Octopuses have a relatively short life expectancy, and some species live for as little as six months. Larger species, such as the North Pacific Giant Octopus, may live for up to five years under suitable circumstances. However, reproduction is a cause of death: males can only live for a few months after mating, and females die shortly after their eggs hatch. They neglect to eat during the (roughly) one month period spent taking care of their unhatched eggs, but they don’t die of starvation. Endocrine secretions from the two optic glands are the cause of genetically-programmed death.

According to the octopus hunter in my car, there are plenty of octopuses that are hard as hell to find, and since they breed by the zillions and don’t last long, I’m not too fussed about the occasional curry I enjoy.

I am, however, a bit bothered about dining on someone so much smarter than a cow.

Octopuses are highly intelligent, likely more so than any other order of invertebrates. The exact extent of their intelligence and learning capability is much debated among biologists, but maze and problem-solving experiments have shown that they do have both short- and long-term memory.

In laboratory experiments, octopuses can be readily trained to distinguish between different shapes and patterns. They have been reported to practice observational learning, although the validity of these findings is widely contested on a number of grounds. Octopuses have also been observed in what some have described as play: repeatedly releasing bottles or toys into a circular current in their aquariums and then catching them. Octopuses often break out of their aquariums and sometimes into others in search of food. They have even boarded fishing boats and opened holds to eat crabs.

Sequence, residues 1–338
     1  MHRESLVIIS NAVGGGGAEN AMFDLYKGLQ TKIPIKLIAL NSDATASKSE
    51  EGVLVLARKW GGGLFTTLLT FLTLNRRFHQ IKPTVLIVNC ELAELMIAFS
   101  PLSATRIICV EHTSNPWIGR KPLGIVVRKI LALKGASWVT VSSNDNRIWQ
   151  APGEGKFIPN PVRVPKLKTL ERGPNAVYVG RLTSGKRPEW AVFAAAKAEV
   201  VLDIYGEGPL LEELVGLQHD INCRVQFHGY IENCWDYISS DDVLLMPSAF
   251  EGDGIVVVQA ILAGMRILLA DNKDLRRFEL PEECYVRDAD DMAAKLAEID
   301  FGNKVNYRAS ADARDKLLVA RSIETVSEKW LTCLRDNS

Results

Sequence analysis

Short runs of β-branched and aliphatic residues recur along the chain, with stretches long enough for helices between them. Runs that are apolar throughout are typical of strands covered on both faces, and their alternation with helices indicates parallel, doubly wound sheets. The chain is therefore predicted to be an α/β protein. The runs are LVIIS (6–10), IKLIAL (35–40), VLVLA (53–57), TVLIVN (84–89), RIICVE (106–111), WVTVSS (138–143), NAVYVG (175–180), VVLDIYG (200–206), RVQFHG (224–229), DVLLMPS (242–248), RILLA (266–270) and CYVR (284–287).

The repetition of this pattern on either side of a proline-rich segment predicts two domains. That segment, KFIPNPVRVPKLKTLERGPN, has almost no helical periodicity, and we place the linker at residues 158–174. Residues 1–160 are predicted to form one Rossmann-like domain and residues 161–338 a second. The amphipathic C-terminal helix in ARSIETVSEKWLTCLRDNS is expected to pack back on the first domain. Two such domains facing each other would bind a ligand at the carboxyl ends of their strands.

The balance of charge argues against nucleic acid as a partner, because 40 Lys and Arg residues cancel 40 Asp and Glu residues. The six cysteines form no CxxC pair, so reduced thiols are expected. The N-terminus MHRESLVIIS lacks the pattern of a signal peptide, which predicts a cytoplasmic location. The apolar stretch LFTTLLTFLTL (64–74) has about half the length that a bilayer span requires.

Thanks to my car companion du jour, I now have a bit of an idea where to start looking for an octopus to share with Sam in the sea instead of over dinner, and I can’t wait until he catches sight of his first as it suddenly appears, moves, settles, then disappears in the flash of color morph that perfectly mimics its new spot.

Side note: a sack of dead octopuses is a pulsating bag of color … fascinating and sad, but when I come across the option I usually buy one for dinner.

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In an effort to keep the beauty of my island home and all that is wonderful in my world in mind as the ugliness of life and death intrudes, I’m posting more photos today and saying little.
Bird/Sam rope ©2007SHBenoiton
My amazing son, Sam

Bird/Tortoise
A big, bird-poop spattered tortoise enjoying the attention (?) of my family.

BirdSootyTern©2007SHBenoiton
A sooty tern, up close and personal with a potential for poop spattering

My lovely family on a lovely beach ©2007SHBenoiton
My lovely family on a lovely beach on Bird Island

The Ent in my garden ©2007SHBenoiton

From my veranda at home, the Ent that lives at the bottom of my garden pointing at the hidded treasure on the hill opposite. (One day I’ll follow his finger and dig it up.)